Sheila Kumar sifts through rumours of a tectonic shift in Bengaluru's reading pattern
In a tweak of the immortal CSNY song, this was a long time coming. My personal wake-up moment came via a twin-pronged route. I was scanning the sell list of a popular buy-and-sell online forum when I noticed a small heap of books for sale.
`Books I have so enjoyed reading' said the caption. The list featured only Indian authors. What made me sit up was the fact that I didn't recognize one author name among that pile. Not one. There were a couple of Sharmas, one Rao, one Sinha, two Murthys (no, not the ones known to readers in Beantown), many Mishras (not those ones, though) and as many Singhs.
Then, at an event where I read out from my book, an acquaintance came up to me and smilingly said, “Loved your book.But I had to consult the dictionary every few pages.“
Astounded, I stared at her. Because I don't do fancy language. I don't use highfalutin words.
The epiphany was that even competent language could well irk readers these days.
The slippery icefields of the printed word have shifted so there are layers of reading now, and readers in our city are no exception. Level One contains the afore mentioned Mishras and Singhs. Then come known and popular names like Varun Agarwal, Ashok Banker, Devdutt Pattanaik and Ashwin Sanghi. And in the rarified air above, sit authors like Ramachandra Guha, Vikram Seth, Am ish, Chetan B, Amitav Ghosh, Pankaj Mishra; purists will forgive me if I put them all to g ether thusly.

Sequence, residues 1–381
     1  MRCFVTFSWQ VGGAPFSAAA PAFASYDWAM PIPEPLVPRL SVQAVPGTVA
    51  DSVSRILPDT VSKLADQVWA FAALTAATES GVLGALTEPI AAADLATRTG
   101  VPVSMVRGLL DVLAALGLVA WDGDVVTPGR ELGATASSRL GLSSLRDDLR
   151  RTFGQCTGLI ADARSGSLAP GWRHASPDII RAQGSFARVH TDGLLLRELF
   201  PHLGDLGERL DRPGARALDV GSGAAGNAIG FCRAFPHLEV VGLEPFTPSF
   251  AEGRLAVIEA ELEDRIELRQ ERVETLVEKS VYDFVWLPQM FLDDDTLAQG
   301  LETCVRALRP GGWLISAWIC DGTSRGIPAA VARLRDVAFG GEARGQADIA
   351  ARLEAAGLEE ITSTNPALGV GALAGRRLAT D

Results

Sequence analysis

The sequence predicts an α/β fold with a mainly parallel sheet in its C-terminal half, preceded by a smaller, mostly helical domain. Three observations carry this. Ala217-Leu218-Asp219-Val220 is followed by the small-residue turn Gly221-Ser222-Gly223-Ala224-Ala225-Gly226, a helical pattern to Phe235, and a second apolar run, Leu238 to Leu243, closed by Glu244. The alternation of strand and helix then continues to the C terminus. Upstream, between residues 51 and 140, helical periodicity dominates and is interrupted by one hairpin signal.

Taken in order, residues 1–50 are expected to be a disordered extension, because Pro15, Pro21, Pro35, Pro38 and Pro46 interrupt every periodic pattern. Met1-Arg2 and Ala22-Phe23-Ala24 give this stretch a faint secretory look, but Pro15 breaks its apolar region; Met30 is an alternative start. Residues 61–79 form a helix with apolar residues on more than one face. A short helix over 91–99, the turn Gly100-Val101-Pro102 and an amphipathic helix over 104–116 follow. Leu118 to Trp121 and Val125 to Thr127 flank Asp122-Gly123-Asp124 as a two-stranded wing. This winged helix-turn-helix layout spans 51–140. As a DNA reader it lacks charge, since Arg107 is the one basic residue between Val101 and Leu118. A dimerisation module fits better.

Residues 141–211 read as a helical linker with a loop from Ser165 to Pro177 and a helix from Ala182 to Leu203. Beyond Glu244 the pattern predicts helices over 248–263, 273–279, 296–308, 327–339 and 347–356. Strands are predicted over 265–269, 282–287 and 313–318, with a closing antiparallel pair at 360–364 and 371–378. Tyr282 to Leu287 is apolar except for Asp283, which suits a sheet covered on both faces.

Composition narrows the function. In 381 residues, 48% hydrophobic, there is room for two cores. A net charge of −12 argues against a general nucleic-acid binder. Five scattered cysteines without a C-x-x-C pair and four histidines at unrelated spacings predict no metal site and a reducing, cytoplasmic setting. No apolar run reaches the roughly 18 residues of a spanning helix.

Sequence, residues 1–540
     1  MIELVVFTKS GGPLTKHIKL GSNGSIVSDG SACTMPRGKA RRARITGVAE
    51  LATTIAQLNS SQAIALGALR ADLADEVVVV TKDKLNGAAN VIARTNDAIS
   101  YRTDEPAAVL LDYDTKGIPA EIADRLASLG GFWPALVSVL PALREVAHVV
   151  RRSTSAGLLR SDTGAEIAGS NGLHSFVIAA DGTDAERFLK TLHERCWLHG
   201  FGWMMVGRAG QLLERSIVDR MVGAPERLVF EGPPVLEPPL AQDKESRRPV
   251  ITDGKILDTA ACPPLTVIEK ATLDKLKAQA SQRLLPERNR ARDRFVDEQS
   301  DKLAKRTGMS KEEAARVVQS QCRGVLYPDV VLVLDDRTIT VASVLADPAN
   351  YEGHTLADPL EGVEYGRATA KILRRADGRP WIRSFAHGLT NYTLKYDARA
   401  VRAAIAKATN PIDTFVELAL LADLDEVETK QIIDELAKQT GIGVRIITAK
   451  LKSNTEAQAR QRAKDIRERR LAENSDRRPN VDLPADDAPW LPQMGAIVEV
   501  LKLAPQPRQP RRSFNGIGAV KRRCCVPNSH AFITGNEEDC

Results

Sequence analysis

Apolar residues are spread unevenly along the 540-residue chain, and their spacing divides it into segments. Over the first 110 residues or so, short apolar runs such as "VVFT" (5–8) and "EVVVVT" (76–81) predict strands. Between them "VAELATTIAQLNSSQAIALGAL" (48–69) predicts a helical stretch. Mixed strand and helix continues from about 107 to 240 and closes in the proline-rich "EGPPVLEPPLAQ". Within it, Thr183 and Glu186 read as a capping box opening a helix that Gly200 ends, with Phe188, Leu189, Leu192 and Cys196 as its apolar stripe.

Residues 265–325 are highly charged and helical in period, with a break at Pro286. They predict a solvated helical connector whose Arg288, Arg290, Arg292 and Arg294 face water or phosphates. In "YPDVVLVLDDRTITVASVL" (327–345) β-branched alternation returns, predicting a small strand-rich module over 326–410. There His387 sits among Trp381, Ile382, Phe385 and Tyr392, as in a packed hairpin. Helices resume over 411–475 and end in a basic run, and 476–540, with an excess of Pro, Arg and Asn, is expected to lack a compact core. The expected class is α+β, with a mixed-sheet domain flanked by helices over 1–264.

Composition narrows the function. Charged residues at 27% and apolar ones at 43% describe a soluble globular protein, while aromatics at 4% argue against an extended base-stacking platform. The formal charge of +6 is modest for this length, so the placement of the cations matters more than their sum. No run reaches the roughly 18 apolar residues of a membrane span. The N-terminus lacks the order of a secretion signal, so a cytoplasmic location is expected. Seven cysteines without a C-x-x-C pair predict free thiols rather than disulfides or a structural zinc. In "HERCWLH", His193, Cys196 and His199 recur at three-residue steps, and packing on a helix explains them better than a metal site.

However, as literary consultant Jaya Bhattacharji Rose says, this is all anecdotal evidence, and segmentation among readers is becoming more apparent. Distinct lists catering to distinct literary palettes are being released, and oftentimes, a reader will read just one author or one book. But read, he/she will.
So. What is Beantown reading? A quick ask amongst fellow citizens reveals that read- and-bin has been the preferred mode for a long time. As in, people buy slimmish books which tell their story quickly, (no `lavish language appreciated) and after they read it, they bin it. Read and forgotten, and all those launches and book readings be damned.
Oh, and `too much gyan' gets that book into the bin faster. Go figure.
The real shift is that reading, always a very subjective activity, is no longer a relaxed pastime or a quest for knowledge at any level. It is pure entertainment. Books that adhere to the KISS principle are the ideal reads. This basically means dispensing with the finely wrought sentence, the adroitly turned phrase, the subtle twist. Niche writers have not disappeared, it's just that little known authors have established happily temporary niches. A keen reader told me it's all about delicious trivia.
Those aforement tioned purists may well be sighing in despair because Bengaluru has a rich tradition of writing. (I am sticking only to Indian writing in English here). I mean, even the most cursory of city lists will carry eminent names like Girish Karnad, Ram Guha, Shashi Deshpande, Anita Nair, Gita Aravamudan, Vikram Sampath, Sudha Murty, and the like. And their constituency of readers will, for the most part, remain intact. However, the larger picture here is that everyone who reads, realizes he/she has a story to tell and decides to write a book.
And there are thousands of casual readers who will read that book. You pays your money, you takes your choice.
Maybe, just maybe, the time for grand literature has passed.This is no cause for dismay. People are still reading. And if it's true that 70% of Bengaluru's current population comprises techies, then even as I write this, they are probably Googling Mark Z's book list.
So, the book is dead, long live the book!
(Sheila Kumar is author of Kith and Kin)